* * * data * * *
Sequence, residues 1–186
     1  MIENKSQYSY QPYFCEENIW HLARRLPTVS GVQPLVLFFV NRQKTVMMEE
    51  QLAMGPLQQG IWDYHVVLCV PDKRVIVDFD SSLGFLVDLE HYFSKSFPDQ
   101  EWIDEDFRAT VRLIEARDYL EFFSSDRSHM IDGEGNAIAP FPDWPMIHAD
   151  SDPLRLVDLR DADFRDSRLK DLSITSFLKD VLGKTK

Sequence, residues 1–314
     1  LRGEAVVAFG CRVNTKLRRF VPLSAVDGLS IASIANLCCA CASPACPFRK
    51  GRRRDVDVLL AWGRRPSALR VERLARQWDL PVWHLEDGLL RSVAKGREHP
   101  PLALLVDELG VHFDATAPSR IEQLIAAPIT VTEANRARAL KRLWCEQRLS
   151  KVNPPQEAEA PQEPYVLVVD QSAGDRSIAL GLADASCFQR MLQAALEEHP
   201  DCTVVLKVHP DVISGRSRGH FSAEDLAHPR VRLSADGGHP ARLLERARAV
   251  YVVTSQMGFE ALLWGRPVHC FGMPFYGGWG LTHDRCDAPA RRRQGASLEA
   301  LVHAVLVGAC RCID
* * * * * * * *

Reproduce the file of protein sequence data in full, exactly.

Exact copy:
Sequence, residues 1–186
     1  MIENKSQYSY QPYFCEENIW HLARRLPTVS GVQPLVLFFV NRQKTVMMEE
    51  QLAMGPLQQG IWDYHVVLCV PDKRVIVDFD SSLGFLVDLE HYFSKSFPDQ
   101  EWIDEDFRAT VRLIEARDYL EFFSSDRSHM IDGEGNAIAP FPDWPMIHAD
   151  SDPLRLVDLR DADFRDSRLK DLSITSFLKD VLGKTK

Sequence, residues 1–314
     1  LRGEAVVAFG CRVNTKLRRF VPLSAVDGLS IASIANLCCA CASPACPFRK
    51  GRRRDVDVLL AWGRRPSALR VERLARQWDL PVWHLEDGLL RSVAKGREHP
   101  PLALLVDELG VHFDATAPSR IEQLIAAPIT VTEANRARAL KRLWCEQRLS
   151  KVNPPQEAEA PQEPYVLVVD QSAGDRSIAL GLADASCFQR MLQAALEEHP
   201  DCTVVLKVHP DVISGRSRGH FSAEDLAHPR VRLSADGGHP ARLLERARAV
   251  YVVTSQMGFE ALLWGRPVHC FGMPFYGGWG LTHDRCDAPA RRRQGASLEA
   301  LVHAVLVGAC RCID